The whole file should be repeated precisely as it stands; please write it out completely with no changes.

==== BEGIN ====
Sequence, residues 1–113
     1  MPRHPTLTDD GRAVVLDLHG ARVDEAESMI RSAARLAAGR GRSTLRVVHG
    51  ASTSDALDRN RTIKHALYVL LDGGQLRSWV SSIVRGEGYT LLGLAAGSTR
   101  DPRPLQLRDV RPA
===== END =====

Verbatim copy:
Sequence, residues 1–113
     1  MPRHPTLTDD GRAVVLDLHG ARVDEAESMI RSAARLAAGR GRSTLRVVHG
    51  ASTSDALDRN RTIKHALYVL LDGGQLRSWV SSIVRGEGYT LLGLAAGSTR
   101  DPRPLQLRDV RPA